Cape May Rare Bird Alert - 12/16/2004
This is the Cape May Birding Hotline, a service of New Jersey Audubon Society's Cape May Bird Observatory. This message was prepared on Thursday, December 16th. Highlights from the last week include RAZORBILL, PARASITIC JAEGER, LARK SPARROW, ASH-THROATED FLYCATCHER, BLACK-HEADED GULL, GLAUCOUS GULL, CAVE SWALLOW, EARED GREBE, COMMON EIDER, DICKCISSEL, and news of lingering birds.

RAZORBILLS have been a major highlight at the Avalon Sea Watch this week, with 33 counted in the five-day period Dec. 9 through 13 (and others seen heading north and thus not added to this official tally). The high count was of 13 RAZORBILLS tallied on Dec. 12th. Single PARASITIC JAEGERS were seen here on the 10th and on the 13th.

A LARK SPARROW was found at the Rea Farm (near the beehives) on Dec. 16th.

An ASH-THROATED FLYCATCHER has continued in Cape May through at least Dec. 14th, when it was seen in the Rea Farm fields closest to Stevens St. in West Cape May.

A first winter BLACK-HEADED GULL was at Poverty Beach on Dec. 12th, and a young GLAUCOUS GULL was seen at Two Mile Beach near the Cold Spring Inlet on Dec. 14th.

A single CAVE SWALLOW was found at the Rea Farm on Dec. 12th.

An EARED GREBE continued at Lakes Bay near Atlantic City through at least Dec. 12th, a site where two had been seen previously. From Rt. 40/322, take Cordoba south to its end at the bay.

A COMMON EIDER was by the 106th St. jetty in Stone Harbor on Dec. 14th.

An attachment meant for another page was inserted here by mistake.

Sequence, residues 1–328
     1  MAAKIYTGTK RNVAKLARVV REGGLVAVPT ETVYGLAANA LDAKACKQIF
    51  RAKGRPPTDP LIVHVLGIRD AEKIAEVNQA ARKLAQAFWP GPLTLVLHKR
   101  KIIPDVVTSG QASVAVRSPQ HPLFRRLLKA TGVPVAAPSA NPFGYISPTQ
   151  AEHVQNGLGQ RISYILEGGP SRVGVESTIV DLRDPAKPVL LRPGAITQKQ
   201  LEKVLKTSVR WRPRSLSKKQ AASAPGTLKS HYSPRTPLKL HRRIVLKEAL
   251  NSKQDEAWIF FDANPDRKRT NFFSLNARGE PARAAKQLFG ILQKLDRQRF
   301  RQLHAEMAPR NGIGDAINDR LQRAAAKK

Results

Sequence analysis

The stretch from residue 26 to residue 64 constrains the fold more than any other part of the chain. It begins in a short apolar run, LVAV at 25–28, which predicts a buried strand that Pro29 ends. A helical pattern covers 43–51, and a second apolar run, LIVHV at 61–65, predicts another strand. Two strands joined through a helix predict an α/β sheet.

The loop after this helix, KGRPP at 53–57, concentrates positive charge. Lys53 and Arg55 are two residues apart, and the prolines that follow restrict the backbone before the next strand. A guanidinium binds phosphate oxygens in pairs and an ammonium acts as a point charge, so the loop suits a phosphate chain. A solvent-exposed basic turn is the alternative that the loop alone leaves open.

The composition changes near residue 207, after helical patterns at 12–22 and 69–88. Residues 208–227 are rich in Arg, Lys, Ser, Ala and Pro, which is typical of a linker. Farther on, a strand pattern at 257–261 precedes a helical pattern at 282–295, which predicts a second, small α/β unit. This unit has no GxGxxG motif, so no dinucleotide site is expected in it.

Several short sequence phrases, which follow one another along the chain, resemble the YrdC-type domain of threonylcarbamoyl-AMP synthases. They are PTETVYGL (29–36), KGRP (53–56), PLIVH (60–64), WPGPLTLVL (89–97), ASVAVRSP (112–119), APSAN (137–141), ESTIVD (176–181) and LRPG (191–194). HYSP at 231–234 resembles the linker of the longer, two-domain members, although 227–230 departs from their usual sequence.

A DICKCISSEL was along Fourth Ave. in West Cape May on Dec. 16th. An INDIGO BUNTING was in the first field at the Higbee Beach Wildlife Management Area on the 13th, and in the second field on the 15th. Two AMERICAN TREE SPARROWS were at Hidden Valley on Dec. 12th, and one was at Dias Creek on the 14th. A VESPER SPARROW and a NORTHERN GOSHAWK were seen at the Rea Farm on Dec. 9th.

A light morph ROUGH-LEGGED HAWK was seen from Moores Beach Rd. in Cumberland County on Dec. 14th. Two ROUGH-LEGGED HAKWS and two GOLDEN EAGLES were reported from the Corbin City Wildlife Management Area on Dec. 13th.

The Cape May Bird Observatory offers an extensive series of regular bird walks that require no pre-registration and many special field trips and programs for which advanced registration is required. To receive a copy of our Program Schedule, stop at one of our centers, call the office during business hours at 609-861-0700, call our natural history and events hotline at 609-861-0466, or go to New Jersey Audubon's web site at http://www.njaudubon.org

This Cape May Birding Hotline is a service of the Cape May Bird Observatory, which is a research, conservation, and education unit of the New Jersey Audubon Society. Our aim is to preserve and perpetuate the ornithological significance of Cape May. Your membership supports these goals and this hotline. We detail sightings from around Cape May County, and also include reports from Cumberland and Atlantic Counties. Updates are typically made on Thursdays. Please report your sightings of rare or unusual birds to CMBOs Northwood Center at 609-884-2736, or e-mail reports to CapeMayReports@njaudubon.org. Thanks for calling and GOOD BIRDING!


New Jersey Audubon Society's Cape May Bird Observatory and Rancocas Nature Center are accepting donations for Tri State Bird Rescue to help their rehabilitation efforts of oiled birds in response to the worst oil spill to hit the Delaware River since 1995. Species affected include waterfowl, herons, and gulls. Many more birds in need of rehabilitation are anticipated in the days and weeks ahead. You can help in the care of these birds by donating the following items: paper towels, cotton swabs (Q-tips), flat bed sheets, bath towels, Ensure (plain vanilla only) and Pedialyte (plain only). Donated items can be dropped off at either center during regular hours. See our website for more details: http://www.njaudubon.org

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